They had been brought up in Democratic politics in the previous two decades with an understanding that the people who worked for Bill and Hillary Clinton were the best operatives in Washington, especially when it came to dealing with the media. They had watched “The War Room,” the documentary about the 1992 Clinton campaign, which featured strategists like James Carville and George Stephanopoulos manically responding to every negative story and trying to win every news cycle.

Via: MTV Multiplayer

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Webcomic: Obama, McCain & Guitar Hero

November 1, 2008 -

Political cartoon site Filibuster takes a look at current presidential campaign poll results through the lens of Guitar Hero...

Thanks to: Sharp-eyed GP correspondent Andrew Eisen. No worthy webcomic escapes his all-seeing eye!

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Playboy Centerfold is Former Guitar Hero P.R. Rep

October 25, 2008 -

To my great surprise there was a plain brown envelope from Playboy Enterprises International in the GamePolitics post office box yesterday. Inside was the November issue.

After about three hours of perusing the magazine (in the interests of giving GP readers a complete and accurate report), I figured out the reason why Playboy sent the mag my way.

It seems that Miss November, Grace Kim, is a former publicist for Guitar Hero publisher Activision. The brief bio which accompanies her centerfold pictorial discusses her connection to the game: 

I play a mean game of Guitar Hero and I'm willing to challenge anybody. I must warn you I'm a very sore loser - at any game...

 

Grace says her ideal date is a round of Guitar Hero or Rock Band with perks.

Kotaku has a lengthy interview with Grace:

I had heard of an opening to work directly with the head director of Guitar Hero, so I applied, and I didn't think I'd get the job because there were so many applicants... but I also had a lot of PR experience. I was really blessed that they brought me on board. I think they appreciated my passion...

"Activision was getting annoyed [over the time demands of the Playboy picture shoots], and I wanted to keep my job [at first]... But my boss wasn't happy and I wasn't happy, and being a Playmate is a job. I really wanted to explore that area, and see where this path would take me. And, working so much for Activision kind of killed my love a little for Guitar Hero.

 

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Penny Arcade Has Some Fun with Little Big Planet Recall

October 23, 2008 -

Gabe and Tycho poke fun at the Little Big Planet controversy in their latest cartoon.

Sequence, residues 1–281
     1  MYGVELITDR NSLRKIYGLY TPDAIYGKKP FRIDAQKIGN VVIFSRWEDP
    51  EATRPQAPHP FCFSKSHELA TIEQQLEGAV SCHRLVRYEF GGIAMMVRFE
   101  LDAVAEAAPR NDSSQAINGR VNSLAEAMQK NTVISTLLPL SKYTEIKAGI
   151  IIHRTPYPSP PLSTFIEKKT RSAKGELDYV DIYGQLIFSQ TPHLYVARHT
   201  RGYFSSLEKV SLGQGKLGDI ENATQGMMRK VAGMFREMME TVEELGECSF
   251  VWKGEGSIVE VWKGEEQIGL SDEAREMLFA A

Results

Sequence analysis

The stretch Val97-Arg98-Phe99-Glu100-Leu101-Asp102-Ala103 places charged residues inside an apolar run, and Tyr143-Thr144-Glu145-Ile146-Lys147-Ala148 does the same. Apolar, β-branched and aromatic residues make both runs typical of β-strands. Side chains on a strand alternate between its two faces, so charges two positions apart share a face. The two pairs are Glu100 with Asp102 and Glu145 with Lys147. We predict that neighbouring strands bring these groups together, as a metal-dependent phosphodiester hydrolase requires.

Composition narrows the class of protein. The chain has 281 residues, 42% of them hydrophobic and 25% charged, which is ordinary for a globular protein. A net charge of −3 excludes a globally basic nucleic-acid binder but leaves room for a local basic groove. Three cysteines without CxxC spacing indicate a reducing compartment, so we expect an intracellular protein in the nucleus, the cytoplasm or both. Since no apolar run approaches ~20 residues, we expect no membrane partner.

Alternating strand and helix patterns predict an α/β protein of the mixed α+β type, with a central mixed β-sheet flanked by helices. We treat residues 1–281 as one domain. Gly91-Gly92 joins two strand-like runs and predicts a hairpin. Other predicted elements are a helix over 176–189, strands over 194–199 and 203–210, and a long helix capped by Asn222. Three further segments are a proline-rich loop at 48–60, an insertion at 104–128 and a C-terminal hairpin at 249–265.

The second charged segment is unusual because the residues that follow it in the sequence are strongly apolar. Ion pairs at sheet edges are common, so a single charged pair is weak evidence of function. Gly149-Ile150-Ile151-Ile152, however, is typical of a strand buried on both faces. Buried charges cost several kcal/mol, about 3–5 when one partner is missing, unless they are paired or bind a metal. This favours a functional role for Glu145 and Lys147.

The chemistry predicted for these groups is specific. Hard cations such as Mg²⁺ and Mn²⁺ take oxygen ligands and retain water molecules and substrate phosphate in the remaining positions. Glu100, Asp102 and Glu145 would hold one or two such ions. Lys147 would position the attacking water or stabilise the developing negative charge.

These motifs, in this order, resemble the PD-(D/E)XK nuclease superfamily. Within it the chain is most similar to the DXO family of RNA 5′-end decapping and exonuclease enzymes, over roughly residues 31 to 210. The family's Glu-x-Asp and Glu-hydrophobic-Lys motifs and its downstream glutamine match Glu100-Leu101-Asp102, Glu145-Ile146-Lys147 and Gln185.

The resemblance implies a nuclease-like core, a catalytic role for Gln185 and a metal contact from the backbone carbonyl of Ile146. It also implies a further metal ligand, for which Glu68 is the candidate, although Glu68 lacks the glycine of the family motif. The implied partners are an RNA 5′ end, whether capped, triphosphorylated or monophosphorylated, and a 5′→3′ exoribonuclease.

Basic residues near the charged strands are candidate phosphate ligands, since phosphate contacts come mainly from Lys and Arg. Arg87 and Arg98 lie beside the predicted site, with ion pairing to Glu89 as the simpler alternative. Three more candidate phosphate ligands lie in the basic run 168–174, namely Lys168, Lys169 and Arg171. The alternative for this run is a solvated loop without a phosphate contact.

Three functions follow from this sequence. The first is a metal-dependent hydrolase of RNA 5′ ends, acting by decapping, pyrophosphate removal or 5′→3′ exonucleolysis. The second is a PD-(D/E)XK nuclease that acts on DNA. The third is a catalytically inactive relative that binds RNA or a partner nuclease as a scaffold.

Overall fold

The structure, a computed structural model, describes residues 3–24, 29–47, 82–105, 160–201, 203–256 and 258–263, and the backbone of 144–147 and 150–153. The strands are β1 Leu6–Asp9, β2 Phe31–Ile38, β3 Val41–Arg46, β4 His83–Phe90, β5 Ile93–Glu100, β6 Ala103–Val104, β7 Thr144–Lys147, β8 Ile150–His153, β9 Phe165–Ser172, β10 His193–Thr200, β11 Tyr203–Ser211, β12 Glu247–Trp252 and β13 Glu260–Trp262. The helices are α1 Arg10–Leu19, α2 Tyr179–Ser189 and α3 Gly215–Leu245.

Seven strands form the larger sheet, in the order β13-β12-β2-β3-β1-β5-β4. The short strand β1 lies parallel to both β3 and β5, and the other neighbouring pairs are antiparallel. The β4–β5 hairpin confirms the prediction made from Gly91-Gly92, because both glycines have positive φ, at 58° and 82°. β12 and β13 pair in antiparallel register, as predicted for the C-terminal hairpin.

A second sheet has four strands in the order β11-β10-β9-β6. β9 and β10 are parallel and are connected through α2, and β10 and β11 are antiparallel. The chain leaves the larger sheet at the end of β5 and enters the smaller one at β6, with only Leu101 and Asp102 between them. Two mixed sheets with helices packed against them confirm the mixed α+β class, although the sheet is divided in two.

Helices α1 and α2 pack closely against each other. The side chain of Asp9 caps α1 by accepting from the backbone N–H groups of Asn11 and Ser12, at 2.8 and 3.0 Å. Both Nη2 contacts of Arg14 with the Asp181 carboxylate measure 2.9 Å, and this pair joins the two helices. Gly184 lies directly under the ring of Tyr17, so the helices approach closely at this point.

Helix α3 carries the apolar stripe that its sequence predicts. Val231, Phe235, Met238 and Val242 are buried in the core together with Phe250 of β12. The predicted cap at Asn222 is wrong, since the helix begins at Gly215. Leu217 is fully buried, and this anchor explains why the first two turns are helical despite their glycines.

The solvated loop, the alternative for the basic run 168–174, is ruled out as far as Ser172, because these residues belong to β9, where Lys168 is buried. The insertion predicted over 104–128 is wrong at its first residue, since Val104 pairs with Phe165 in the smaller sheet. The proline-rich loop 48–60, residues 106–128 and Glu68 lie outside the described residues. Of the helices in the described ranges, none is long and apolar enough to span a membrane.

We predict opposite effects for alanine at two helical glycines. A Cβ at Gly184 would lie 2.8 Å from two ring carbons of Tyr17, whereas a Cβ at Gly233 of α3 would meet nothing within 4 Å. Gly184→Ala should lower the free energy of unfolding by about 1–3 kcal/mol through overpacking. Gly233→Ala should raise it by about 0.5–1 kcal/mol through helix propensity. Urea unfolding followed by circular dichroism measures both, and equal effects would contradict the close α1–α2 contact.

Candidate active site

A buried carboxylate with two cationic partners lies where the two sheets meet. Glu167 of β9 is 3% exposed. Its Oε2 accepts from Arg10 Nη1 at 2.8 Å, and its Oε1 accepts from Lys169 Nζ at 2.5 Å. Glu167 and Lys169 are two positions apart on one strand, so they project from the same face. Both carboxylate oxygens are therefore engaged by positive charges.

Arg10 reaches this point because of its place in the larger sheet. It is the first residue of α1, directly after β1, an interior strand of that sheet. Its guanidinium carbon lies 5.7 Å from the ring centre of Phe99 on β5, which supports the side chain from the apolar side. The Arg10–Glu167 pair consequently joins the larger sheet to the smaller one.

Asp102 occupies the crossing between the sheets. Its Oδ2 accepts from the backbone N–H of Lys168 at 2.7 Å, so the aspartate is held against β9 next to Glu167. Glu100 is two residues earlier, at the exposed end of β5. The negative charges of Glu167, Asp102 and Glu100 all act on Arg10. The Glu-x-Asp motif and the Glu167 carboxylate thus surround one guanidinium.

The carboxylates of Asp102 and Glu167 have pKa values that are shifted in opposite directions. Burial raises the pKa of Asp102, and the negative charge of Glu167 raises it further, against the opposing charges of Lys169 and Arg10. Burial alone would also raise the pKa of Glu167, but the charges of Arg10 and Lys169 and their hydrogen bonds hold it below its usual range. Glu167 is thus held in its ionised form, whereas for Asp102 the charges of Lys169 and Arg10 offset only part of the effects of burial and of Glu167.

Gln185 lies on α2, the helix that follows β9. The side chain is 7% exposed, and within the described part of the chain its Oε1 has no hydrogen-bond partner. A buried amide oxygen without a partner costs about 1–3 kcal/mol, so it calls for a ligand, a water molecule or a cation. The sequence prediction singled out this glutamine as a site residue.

Catch all of the panels here...

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Islamic Musician Defends Lyrics That Delayed Little Big Planet

October 22, 2008 -

The Islamic musician whose Qur'anic references in a Little Big Planet soundtrack tune caused a delay in the game's release has defended his lyrics to MTV Multiplayer. Singer Toumani Diabate (left) explains:

It is quite normal to play music and be inspired by the words of the Prophet Mohammed... in my country in Mali. You can see this on television all the time.

MTV Multiplayer also has a more in-depth explanantion of the "offending" lyrics, provided by Diabate's record label. In this context they sound entirely inoffensive:

Moussa Diabate, adapts a traditional Malian song about the death of a much-loved hippopotamus who has been shot by a white hunter. In the original song... the griots of the village sing about how difficult it is to be separated from your loved one in death.

The singer adapts this song... to lament the death of his brother Mustapha, who died very young as a child. Moussa draws on the excerpts from the Koran to console him & help him overcome his bereavement. In this way, his intention... is a good one. He is not blaspheming or taking the Koran out of context. He is trying to draw strength from the words of the Prophet.

...‘Every soul shall have the taste of death...
...All that is on earth will perish...

Meanwhile, Reuters wonders whether, in the wake of its second faith-based controversy in as many years, Sony needs to hire a religious advisor. Perhaps more to the point, Reuters asks:

Should companies simply avoid any reference to Islam at all?

GP: Is that really what the Islamic world wants, to become a zone of avoidance for pop culture?

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SCEE Issues New Ship Date for Little Big Planet

October 20, 2008 -

In the wake of Friday's surprising news that the release of Little Big Planet would be delayed following the discovery of two verses from the Qur'an in one of the game's soundtrack songs, SCEE has issued a press release regarding the updated launch schedule for its terroritories:

Sony Computer Entertainment Europe is pleased to confirm that LittleBigPlanet will start to appear in stores no later than the week commencing Monday 3rd November in the UK, Europe, Middle East, Australia and New Zealand, on a country by country basis. We appreciate all the enthusiasm surrounding this much anticipated title and we would like to thank PlayStation fans for their support and understanding.

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At Fallout 3 Launch Party, Foo Fighters' Grohl Almost Dedicates Song to Sarah Palin

October 17, 2008 -

The Foo Fighters entertained the crowd at a private Fallout 3 launch party last night in L.A. and Entertainment Weekly reports that frontman Dave Grohl seemed close to dedicating Everlong to Republican VP candidate Sarah Palin.